As we have mentioned before, looking at an everyday toy or game and thinking of lots of different ways to use it in therapy is an important skill. I also like to show parents that you don’t need specialist equipment; you just need to think about what you are targeting.
One of my latest finds is a nice set of dominoes. I am quite picky when looking at toys, particularly for younger children; I want durability, nice pictures and bright colours. They have to survive not only bouncing around in the back of my car, but also being used frequently by many small children and occasionally being chewed. This set from Orchard Toys met my specifications!
So, we have a lovely set of children’s dominoes. Let’s see how many different things we can use them for. Remember it’s all about keeping your target in mind when playing the game
- Basic vocabulary development: lots of repetitive practise at naming the animals on the cards. Obviously you can play dominoes and you have to name the picture you are matching up. But you don’t just have to play dominoes with them if the game is too hard for your child. I have one young man who greatly enjoys me hiding the dominoes around the room while he shuts his eyes (whilst unsubtly peeking!) and then he finds them and says the names; this still meets the target of vocabulary development. You could pull them out of a bag and name them, or post them (If you have a big enough post box)
- Animal noises: If your child isn’t ready to name the animals yet, can they make the noises? Or if you put one or two dominoes on the floor and make one of the animal noises, can the child find the matching picture?
- Colours: The animals have good colours and are also on bright coloured backgrounds. So as you put your domino down, you have to name the colour.
- Speech work: This pack has a nice set of words at CVC level (consonant, vowel, consonant). I find them good practise for children who are moving on from CV, VC words in therapy. Or at a higher level you can work on blends e.g. green, blue etc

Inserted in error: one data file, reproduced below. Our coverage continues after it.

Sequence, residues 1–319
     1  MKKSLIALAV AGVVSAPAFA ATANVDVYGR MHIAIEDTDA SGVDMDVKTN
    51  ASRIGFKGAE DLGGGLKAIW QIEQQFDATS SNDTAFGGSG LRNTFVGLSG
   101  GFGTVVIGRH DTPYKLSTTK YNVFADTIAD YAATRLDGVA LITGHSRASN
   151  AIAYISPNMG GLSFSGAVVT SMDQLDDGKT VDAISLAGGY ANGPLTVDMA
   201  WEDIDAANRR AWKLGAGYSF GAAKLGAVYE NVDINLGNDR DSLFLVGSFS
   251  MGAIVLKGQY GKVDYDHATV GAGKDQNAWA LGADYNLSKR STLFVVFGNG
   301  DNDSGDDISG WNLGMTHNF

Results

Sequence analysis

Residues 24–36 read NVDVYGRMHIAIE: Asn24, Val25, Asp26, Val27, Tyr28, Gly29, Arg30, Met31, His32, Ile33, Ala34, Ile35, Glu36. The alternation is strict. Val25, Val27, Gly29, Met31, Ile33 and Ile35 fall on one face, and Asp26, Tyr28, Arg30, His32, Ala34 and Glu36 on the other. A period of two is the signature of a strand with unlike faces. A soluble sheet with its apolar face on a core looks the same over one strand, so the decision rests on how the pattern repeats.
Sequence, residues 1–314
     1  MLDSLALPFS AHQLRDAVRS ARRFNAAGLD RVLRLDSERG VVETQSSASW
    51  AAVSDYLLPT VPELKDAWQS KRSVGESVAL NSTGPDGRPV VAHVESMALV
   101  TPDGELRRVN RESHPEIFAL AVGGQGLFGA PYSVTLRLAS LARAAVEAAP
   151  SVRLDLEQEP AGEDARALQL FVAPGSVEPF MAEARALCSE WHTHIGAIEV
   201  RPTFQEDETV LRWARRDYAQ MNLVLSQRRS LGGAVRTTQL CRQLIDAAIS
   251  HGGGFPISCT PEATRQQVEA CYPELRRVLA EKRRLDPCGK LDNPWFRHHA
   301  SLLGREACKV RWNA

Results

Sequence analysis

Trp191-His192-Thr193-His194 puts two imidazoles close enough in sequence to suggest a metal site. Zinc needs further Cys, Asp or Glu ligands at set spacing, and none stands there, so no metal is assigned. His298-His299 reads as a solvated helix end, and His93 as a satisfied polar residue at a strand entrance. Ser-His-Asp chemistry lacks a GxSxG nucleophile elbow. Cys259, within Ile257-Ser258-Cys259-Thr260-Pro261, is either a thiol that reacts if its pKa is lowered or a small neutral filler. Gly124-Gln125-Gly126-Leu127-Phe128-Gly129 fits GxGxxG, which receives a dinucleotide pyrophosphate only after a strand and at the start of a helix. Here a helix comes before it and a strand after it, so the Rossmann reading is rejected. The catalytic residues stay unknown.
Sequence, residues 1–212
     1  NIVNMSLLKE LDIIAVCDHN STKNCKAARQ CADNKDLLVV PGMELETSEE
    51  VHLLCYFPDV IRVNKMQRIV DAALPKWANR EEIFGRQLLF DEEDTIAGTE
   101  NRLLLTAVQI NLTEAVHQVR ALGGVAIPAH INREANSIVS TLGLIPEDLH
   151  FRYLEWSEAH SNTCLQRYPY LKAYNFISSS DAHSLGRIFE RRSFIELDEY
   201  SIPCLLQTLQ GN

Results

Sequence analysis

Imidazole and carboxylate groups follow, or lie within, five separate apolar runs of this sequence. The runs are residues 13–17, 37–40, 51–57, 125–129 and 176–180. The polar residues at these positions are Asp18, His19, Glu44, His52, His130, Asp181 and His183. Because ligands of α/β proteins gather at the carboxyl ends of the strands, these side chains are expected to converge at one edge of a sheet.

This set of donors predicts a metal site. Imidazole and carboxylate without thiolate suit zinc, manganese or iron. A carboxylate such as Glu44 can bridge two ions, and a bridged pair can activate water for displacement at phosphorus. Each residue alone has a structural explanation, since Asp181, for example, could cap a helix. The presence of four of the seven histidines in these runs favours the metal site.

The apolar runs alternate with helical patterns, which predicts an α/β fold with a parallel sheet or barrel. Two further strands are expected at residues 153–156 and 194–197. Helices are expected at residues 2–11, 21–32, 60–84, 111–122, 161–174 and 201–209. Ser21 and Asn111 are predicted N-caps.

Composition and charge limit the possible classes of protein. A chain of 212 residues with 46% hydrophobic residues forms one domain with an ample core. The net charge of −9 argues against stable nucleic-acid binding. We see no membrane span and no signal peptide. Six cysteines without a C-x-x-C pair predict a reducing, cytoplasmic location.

- Questions words: With a simple range of animals, you could introduce ‘who’ vs ‘where’ questions. See if your child can identify the difference and give you the correct answer. So if their domino has a pig on, you could ask ‘who is it?’ answer – pig, or ‘where does it live?’ – on a farm. You may need to introduce the idea first or show them how on your turn. You could extend this and add ‘what do they eat?’, but that is harder!
- Similarities/ differences: For older children you could see if they can generate things that are the same/ or things that are different about the two animals on their domino before they can play it in the game. For example if comparing a horse and a sheep, you could say they are the same as they both have 4 legs, but are different as you can ride a horse, but not a sheep.
- General reinforcement: To keep children engaged in therapy, you need to keep it fun and motivating. I use these dominoes with a range of language and speech targets just as a motivator – something fun to do after you have said the target sound/ word/ sentence.
- Social skills: any turn taking game is useful to practise ‘my turn’, ‘your turn’ and that important skill that you don’t always win.
Can you think of anymore?
Orchard toys do many lovely games and jigsaws. I also like their basic concepts jigsaw – nice pictures and covers a good range of early concepts, Insey Winsey spider – good for turn taking, shape and colour concept teaching and rocket game – a good reinforcer/ motivator.
For those in the UK you can buy them on line from Amazon and other such websites. If you keep looking for them in the local supermarkets (Sainsbury’s) they are often in 25% off sales as well!
I have not been paid for this review. I am just sharing some of the resources I like using in therapy.
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